$28,000.00

For this second edition of his magnificent production, Barlow commissioned Aphra Behn, then at the height of her popularity as a playwright and poet, to write verses to be engraved on the 110 plates illustrating the fables. In order to substitute Behn’s verses for those of Thomas Philipot (d. 1682), the lower area of the plate needed to be burnished down and the new verses engraved onto the plate in place of the earlier ones.

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Wing (CD-ROM, 1996), A703

The Cornerstone of Prison Literature. The Heber-Britwell copy

Boethius, Anicius Manlius Severinus (480-525 A.D.); Coleville, George, translator (fl. 1556)
Boetius de Consolationae [sic] Philosophiæ. The boke of Boecius, called the comforte of philosophye, or wysedome, moche necessary for all men to read and know, wherein suche as be in aduersitie, shall fynde muche consolation and comforte, and suche as be in great worldly prosperitie may knowe the vanitie and frailtie therof, and consequently fynde eternall felycytie. And this boke is in maner of a dialoge or communication betwene two persones, the one is Boecius, and the other is Philosophy, whose disputations and argumentes do playnly declare the diuersitie of th lyfe actiue, that consisteth in worldly, temporall, and transitory thynges, ... Translated out of Latin into the Englyshe toungue by George Coluile, alias Coldewel, to thintent that such as be ignoraunt in the Latin tongue, and can rede Englyshe, maye vnderstande the same. And to the mergentes is added the Latin, accordynge to the boke of the translatour, whiche was a very olde prynte

London: In Paules churche yarde at the sygne of the holy Ghost, by Ihon Cawoode, prynter to the Kynge and Quenes Maiesties, 1556

Quarto: 20 x 14 cm. [A]4, B-Z4, Aa-Ff4 (blank Ff4 lacking)

$30,000.00

Dedicated to Queen Mary Tudor, Coleville’s English translation of Boethius’ masterpiece is the only early English translation to include the original Latin text, indicating that, in addition to those readers with no knowledge of Latin, the author took into consideration the more educated, Latin-literate English audience. Coleville provides interesting marginal glosses and explanatory notes, including the tale of the sword of Damocles.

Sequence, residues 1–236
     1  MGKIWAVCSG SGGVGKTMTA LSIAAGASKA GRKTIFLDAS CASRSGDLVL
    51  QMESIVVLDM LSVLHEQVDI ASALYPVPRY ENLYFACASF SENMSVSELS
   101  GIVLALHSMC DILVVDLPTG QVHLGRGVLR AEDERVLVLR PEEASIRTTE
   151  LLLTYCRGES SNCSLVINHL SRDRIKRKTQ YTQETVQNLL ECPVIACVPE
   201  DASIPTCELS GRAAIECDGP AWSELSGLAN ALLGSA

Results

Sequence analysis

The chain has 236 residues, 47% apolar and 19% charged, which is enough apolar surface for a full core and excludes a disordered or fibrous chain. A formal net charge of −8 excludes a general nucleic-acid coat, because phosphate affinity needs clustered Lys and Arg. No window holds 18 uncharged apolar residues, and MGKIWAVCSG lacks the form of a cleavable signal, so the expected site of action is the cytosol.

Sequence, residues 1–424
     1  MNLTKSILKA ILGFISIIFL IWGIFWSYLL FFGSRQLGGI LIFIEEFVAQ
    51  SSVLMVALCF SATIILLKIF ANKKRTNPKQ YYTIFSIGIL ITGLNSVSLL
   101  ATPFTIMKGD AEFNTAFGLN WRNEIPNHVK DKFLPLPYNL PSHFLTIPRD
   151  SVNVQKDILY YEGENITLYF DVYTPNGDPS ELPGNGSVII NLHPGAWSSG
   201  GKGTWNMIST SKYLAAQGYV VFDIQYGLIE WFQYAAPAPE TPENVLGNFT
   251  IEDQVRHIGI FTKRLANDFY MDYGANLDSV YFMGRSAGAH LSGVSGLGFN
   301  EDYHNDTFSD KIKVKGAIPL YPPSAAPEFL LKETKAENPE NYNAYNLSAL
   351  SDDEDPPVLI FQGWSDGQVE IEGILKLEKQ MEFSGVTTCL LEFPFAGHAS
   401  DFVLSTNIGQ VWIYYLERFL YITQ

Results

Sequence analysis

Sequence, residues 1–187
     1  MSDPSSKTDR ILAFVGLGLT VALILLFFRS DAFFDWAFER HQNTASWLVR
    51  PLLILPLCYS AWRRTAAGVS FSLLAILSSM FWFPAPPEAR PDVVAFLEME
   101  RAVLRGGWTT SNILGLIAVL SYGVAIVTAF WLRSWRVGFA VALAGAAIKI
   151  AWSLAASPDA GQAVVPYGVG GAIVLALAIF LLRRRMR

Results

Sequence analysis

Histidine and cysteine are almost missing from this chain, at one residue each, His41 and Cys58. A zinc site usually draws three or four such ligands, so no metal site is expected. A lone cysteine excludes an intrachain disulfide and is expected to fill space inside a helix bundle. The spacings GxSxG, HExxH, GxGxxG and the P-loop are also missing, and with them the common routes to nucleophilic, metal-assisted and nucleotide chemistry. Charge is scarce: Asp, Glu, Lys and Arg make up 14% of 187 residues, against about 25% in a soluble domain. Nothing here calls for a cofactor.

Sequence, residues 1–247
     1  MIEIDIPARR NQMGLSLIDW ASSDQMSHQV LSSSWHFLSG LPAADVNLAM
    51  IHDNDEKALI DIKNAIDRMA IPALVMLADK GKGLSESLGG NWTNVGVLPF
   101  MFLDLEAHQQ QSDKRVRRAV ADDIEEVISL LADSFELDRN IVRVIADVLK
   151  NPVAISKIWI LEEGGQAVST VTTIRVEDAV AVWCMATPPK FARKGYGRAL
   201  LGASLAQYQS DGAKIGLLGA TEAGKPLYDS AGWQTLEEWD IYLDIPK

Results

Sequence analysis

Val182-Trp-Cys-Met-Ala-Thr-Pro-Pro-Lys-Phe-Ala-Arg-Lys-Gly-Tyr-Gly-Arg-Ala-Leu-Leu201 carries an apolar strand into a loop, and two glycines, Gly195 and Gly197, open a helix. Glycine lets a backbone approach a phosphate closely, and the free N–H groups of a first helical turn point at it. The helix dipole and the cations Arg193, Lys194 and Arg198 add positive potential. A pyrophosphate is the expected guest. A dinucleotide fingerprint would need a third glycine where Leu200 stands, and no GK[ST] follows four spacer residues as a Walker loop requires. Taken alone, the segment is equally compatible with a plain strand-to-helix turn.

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STC 3201

First Edition in English of Calvin’s Sermons on Timothy and Titus

Calvin, Jean (1509-1564)
Sermons of M. Iohn Caluin, on the Epistles of S. Paule to Timothie and Titus. Translated out of French into English, by L.T.

London: Imprinted [by Henry Middleton] for G. Bishop and T. Woodcoke, 1579

Quarto: 22.5 x 15.8 cm. [48], 1248 pp. Collation: [par.]-3[par.] (with blank leaf 3[par.]8); A-Z8, Aa-Zz8, Aaa-Zzz8, Aaaa-Iiii8

$7,500.00

"Most prominent among the means Calvin used to reform the city (Geneva) was preaching. Every other week he preached every day in plain, direct, convincing fashion, without eloquence, but still irresistibly; and the life that the preacher led constituted his strongest claim to attention. The reports of his sermons are probably form notes made by his hearers; which was the easier done, because, being asthmatic, he spoke very slowly.

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STC (2nd ed.), 4441

Two English Translations of Calvin’s Sermons

Calvin, Jean (1509-1564)
Sermons of M. Iohn Caluin, vpon the x. Commandements of the Lawe, giuen of God by Moses, otherwise called the Decalogue. Gathered worde for worde, presently at his sermons, when hee preached on Deuteronomie, without adding vnto, or diminishing from them any thing afterward. Translated out of French into English, by I.H.

London: Thomas Dawson for George Byshop, 1581

Quarto: 2 works bound as one. I. [4], 125, [1] lvs. Collation: *4 A-Hh4 Ii2. II. [6], 203, [1] lvs. Collation: *4 **2 A4 B-Cc8 (final leaf blank)

$8,500.00

[Bound with:]